Oliver Charles

Neither. The idea is that there is a light behind the button, right - but neither of these actually show that. I'd vote for something akin to the left screenshot, but using a radial gradient from the middle, to show there is a central light behind the tile. Then some basic light/shadows to convey that this is a 3d button.

And good god, not the right design, whatever you do


I quickly put this ones together, give them a spin ;)

jef Spaleta

Avoid glass effects entirely. Glass effects try to hard to pretend the tiles are physical tiles. They aren't. Glass effects as seen on the right just end up looking unphysical in the context of any ambient lighting.

For the right set of tiles where is the light source located relative to tiles to produce the psuedo-optical glass effect that you have tried to simulate? It's not clear, the artistically rendered glass-like effect isn't physical. Physical optical effects which depend on ambient lighting are difficult to do correctly. Unless they are fully and self consistently rendered..there is a wrongness to them. Just avoid them.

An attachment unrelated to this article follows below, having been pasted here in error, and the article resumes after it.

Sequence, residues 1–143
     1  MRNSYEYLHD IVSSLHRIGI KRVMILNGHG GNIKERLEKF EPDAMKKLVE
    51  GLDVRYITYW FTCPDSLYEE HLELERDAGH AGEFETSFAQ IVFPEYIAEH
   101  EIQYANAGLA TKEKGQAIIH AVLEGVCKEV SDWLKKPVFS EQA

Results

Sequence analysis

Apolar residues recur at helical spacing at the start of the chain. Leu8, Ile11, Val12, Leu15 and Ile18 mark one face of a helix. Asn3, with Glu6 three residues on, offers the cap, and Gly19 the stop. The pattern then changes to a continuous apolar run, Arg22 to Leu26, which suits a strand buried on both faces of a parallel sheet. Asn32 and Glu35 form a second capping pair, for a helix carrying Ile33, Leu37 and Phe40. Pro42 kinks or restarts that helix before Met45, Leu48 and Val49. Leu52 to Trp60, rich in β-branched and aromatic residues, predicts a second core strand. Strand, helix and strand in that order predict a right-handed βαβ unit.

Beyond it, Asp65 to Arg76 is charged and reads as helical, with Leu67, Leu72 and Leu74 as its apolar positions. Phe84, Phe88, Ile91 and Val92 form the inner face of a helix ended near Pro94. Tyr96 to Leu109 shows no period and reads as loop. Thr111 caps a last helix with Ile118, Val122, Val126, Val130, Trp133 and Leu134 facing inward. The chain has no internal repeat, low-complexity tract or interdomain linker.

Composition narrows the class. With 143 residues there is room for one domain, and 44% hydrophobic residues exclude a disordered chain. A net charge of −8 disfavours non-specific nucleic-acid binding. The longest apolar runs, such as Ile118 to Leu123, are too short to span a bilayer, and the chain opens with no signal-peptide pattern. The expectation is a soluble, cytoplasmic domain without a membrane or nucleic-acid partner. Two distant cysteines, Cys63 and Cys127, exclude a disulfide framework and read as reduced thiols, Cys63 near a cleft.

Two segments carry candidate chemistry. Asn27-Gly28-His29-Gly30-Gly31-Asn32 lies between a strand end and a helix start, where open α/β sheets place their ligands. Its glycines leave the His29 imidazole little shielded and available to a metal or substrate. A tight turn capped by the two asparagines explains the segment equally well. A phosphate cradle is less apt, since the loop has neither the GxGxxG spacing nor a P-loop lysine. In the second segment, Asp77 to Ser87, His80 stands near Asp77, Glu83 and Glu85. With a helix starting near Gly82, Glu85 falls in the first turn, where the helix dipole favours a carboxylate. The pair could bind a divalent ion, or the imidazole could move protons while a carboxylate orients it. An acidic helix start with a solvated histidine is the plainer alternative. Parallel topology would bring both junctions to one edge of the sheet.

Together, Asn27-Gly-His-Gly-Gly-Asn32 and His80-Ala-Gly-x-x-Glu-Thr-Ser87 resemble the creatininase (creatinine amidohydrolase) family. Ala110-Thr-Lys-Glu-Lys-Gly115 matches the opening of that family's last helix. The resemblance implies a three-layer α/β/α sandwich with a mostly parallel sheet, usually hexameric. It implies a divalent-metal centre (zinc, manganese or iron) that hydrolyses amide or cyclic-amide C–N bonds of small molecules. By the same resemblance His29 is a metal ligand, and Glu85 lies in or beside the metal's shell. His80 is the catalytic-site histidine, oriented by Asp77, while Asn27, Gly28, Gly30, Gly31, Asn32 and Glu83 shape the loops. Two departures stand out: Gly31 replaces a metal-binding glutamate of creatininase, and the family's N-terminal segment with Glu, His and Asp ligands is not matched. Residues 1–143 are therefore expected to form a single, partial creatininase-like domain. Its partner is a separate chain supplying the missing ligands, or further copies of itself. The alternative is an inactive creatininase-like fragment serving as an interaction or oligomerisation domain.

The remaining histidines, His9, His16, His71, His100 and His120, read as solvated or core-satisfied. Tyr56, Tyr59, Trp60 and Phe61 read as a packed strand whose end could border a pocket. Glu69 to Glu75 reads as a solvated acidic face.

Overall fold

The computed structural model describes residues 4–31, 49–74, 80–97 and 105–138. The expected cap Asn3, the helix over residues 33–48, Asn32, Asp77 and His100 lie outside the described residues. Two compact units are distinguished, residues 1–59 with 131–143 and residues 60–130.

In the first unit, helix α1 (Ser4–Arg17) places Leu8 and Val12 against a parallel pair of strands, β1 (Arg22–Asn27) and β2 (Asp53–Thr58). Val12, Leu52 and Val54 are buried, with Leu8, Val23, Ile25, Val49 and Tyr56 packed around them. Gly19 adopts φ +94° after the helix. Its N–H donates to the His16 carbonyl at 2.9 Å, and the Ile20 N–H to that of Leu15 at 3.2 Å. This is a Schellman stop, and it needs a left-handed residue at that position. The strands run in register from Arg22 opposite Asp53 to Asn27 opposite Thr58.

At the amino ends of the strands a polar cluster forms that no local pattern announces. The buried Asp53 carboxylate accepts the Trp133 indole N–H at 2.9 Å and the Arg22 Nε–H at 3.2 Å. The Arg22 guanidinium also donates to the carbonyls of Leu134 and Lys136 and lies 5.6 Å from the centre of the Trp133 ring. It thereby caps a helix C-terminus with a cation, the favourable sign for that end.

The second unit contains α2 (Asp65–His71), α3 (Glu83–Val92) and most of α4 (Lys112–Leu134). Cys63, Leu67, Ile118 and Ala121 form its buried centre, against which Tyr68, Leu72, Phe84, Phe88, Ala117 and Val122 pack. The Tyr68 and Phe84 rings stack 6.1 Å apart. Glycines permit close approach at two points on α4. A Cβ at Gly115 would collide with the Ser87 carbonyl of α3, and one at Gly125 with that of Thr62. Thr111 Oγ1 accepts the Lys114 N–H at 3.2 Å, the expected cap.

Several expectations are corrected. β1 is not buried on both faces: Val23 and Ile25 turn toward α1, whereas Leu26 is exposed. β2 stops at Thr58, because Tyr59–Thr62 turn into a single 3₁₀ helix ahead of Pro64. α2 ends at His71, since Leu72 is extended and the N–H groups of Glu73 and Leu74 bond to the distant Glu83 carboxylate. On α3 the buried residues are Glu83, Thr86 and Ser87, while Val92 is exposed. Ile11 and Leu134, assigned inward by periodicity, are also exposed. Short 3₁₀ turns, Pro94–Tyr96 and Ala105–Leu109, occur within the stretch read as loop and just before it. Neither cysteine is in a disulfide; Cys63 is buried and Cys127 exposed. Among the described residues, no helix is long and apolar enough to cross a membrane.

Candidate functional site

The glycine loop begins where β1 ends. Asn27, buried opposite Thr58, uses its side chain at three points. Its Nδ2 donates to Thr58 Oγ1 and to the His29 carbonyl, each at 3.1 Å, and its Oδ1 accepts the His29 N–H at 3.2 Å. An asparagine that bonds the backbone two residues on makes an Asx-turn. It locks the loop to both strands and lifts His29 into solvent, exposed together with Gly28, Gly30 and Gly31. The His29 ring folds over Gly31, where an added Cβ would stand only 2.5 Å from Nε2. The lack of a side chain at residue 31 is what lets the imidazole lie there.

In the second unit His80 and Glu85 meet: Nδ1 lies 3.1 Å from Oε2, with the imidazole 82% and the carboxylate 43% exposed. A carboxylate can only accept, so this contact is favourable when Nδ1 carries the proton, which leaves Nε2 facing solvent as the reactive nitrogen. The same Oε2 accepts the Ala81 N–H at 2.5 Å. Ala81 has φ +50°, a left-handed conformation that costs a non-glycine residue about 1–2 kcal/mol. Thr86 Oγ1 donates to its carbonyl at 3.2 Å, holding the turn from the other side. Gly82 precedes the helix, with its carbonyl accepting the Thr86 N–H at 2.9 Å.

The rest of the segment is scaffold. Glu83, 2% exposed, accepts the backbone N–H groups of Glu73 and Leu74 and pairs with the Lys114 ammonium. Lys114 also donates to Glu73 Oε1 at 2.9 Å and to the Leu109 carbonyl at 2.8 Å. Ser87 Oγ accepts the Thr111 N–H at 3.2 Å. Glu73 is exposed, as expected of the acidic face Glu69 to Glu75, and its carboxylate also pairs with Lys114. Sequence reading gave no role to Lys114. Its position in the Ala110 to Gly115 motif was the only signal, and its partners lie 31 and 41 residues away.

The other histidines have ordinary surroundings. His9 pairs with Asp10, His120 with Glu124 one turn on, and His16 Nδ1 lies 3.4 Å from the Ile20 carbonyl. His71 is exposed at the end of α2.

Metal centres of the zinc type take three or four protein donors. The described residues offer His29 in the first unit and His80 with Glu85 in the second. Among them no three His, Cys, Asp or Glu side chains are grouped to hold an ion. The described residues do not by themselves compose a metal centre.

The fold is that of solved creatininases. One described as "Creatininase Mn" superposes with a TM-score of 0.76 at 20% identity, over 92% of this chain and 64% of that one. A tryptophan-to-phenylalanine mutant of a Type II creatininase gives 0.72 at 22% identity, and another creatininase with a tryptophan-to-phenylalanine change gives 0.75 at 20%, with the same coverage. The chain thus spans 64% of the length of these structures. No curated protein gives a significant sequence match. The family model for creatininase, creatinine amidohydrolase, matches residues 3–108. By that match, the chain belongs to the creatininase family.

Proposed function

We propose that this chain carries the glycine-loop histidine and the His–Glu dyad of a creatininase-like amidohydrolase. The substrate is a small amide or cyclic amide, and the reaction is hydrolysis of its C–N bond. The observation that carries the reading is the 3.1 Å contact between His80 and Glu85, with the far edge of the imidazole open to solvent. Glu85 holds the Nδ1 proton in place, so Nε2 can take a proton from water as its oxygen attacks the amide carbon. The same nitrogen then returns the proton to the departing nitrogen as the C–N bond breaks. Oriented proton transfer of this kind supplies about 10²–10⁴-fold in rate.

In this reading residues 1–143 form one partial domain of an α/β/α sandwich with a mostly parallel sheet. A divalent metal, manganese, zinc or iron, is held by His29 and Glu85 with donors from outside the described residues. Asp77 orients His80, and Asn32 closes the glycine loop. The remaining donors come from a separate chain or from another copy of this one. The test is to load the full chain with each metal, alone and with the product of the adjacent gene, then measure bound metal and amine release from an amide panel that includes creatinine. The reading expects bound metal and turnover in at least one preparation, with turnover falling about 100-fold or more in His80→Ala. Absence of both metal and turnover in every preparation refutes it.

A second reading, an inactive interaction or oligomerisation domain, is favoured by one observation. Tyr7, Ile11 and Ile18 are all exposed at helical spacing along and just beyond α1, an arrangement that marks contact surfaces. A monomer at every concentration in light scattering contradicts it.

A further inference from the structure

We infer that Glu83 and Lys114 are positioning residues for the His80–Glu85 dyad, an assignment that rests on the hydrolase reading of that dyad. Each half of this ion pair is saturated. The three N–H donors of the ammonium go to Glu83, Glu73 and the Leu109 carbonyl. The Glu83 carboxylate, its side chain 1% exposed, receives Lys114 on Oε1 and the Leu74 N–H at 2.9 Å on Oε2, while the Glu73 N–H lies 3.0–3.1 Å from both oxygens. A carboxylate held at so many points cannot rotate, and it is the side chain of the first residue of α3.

If you still want lighting effects you can imagine the tiles as back-lit tiles with a textured or curved glass in front of them. Like traffic signals, or the back lit panels from the older Simon Says game.

Oliver is right on the money in his description of what the buttons look like in handheld Lights Outs games, The handheld Lights Out games I've seen uses this sort of individual back lit lights in semi-translucent plastic blue buttons. Lighting effects rendered entirely from light being emitted from an individual tile will feel far more physical..especially if you consider the tiles sunken into their own pockets and can't interact with light emitted from neighboring tiles.


Kris Thomsen

Hi Horton,

I gave it a try - 'cause I think that your left-idea is too boring and flat, and the other one is too shiny :)

Hope you like it.

Kris Thomsen

And I played a bit with the colors, and it works even better now:

Kris Thomsen

Sorry again, I couldn't resist to try to make my idea better: